Unfortunately, I haven't found anything like std-discussion for the ISO C standard, so I'll ask here.

Before answering the question, make sure you are familiar with the idea of pointer provenance (see DR260 and/or http://www.open-std.org/jtc1/sc22/wg14/www/docs/n2263.htm). paragraph 7 says:

When a pointer to an object is converted to a pointer to a character type, the result points to the lowest addressed byte of the object. Successive increments of the result, up to the size of the object, yield pointers to the remaining bytes of the object.

The questions are:

  1. What does "a pointer to an object" mean? Does it mean that if we want to get the pointer to the lowest addressed byte of an object of type T, we shall convert a pointer of type cvT* to a pointer to a character type, and converting a pointer to void, obtained from the pointer of type T*, won't give us desired result? Or "a pointer to an object" is the value of a pointer which follows from the pointer provenance and cast to void* does not change the value (analogous to how it was recently formalized in C++17)?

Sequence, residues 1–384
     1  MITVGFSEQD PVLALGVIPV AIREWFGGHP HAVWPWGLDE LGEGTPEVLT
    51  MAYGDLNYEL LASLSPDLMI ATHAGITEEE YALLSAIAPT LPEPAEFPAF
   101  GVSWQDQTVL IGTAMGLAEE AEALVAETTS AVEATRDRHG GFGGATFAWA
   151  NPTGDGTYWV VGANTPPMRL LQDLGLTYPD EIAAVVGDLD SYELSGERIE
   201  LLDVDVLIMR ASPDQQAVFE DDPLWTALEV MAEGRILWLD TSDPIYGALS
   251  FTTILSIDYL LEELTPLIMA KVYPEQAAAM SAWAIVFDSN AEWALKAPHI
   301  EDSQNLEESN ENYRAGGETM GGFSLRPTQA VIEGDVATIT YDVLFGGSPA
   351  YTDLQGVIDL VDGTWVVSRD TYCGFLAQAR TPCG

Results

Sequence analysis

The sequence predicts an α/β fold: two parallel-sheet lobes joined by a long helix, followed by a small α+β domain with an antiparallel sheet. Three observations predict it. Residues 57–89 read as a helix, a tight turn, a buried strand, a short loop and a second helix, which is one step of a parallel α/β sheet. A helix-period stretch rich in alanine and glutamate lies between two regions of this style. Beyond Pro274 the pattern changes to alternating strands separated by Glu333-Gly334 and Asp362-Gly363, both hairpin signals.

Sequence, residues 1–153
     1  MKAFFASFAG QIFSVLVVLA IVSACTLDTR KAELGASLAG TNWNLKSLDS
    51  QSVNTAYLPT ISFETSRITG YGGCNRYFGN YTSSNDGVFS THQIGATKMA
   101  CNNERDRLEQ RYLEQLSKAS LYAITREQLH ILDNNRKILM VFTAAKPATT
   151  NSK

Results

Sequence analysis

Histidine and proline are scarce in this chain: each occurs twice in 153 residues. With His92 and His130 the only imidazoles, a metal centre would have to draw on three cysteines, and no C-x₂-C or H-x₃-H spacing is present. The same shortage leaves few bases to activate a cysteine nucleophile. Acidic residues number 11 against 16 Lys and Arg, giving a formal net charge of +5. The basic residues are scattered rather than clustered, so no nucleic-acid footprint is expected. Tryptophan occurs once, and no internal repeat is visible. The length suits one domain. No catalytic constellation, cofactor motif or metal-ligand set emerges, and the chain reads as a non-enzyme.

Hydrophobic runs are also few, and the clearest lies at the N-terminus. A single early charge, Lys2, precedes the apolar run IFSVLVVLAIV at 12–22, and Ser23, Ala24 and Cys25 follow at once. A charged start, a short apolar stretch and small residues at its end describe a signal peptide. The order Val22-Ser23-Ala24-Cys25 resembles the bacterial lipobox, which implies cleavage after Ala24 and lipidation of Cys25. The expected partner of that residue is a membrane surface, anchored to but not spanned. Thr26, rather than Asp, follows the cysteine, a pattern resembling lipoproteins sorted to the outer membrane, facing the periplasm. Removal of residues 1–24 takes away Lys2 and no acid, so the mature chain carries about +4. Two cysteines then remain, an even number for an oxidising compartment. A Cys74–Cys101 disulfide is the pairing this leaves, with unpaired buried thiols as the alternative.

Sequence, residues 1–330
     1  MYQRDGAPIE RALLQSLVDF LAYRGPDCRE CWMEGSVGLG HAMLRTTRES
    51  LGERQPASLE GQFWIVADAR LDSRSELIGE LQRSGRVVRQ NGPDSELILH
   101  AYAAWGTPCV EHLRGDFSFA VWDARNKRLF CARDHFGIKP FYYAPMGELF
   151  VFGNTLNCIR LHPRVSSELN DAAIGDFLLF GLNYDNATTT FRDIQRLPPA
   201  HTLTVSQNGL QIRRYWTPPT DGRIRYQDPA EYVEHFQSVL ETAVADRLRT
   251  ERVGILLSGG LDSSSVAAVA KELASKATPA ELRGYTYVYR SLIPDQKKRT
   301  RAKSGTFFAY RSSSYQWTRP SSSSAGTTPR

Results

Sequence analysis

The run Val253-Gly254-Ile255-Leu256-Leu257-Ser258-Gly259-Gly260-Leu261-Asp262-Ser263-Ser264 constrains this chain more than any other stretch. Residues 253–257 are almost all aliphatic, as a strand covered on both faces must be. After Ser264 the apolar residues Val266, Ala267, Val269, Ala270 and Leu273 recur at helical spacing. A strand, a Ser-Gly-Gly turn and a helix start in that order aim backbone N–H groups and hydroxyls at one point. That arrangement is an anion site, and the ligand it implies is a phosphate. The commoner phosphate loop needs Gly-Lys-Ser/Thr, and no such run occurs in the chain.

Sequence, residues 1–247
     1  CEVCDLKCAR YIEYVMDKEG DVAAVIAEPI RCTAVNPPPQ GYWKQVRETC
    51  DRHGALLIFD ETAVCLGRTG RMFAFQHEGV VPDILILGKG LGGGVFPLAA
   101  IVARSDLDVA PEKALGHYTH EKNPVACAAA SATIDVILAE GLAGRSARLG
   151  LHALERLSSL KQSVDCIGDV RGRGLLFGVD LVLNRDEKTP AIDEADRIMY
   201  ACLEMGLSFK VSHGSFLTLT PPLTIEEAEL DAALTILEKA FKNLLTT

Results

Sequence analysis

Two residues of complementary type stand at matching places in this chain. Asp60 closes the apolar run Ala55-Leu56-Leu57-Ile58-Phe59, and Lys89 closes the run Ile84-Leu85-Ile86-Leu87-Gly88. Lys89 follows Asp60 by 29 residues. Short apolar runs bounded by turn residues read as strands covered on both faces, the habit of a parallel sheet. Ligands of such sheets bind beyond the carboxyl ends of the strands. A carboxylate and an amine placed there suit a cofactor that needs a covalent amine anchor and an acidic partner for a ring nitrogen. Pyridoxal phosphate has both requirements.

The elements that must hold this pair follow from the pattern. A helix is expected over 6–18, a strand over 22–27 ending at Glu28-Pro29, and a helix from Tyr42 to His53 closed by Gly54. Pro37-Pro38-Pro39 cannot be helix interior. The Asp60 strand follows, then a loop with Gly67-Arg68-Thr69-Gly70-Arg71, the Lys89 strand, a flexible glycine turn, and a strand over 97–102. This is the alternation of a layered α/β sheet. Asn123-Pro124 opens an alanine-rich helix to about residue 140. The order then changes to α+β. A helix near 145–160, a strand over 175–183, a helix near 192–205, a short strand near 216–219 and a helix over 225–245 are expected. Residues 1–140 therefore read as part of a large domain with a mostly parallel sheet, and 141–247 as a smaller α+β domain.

2. Why the paragraph explicitly mentions increments? Does it mean that adding value greater than 1 is undefined? Does it mean that decrementing (after we have incremented the result several times so that we won't go beyond the lower object boundary) is undefined? In short: is the sequences of bytes composing an object an array?

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    "a pointer to an object" --> a pointer to some non-function, non-void . – chux - Reinstate Monica Aug 16 '18 at 0:08
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    "cast to void* does not change the value" is almost correct. The encoding may change, yet it will equate to the original. Akin to 10 == 10.0 but they have different encodings. Pointers have different properties than integers. There are many questions here - at least 7. Perhaps reduce it. – chux - Reinstate Monica Aug 16 '18 at 0:14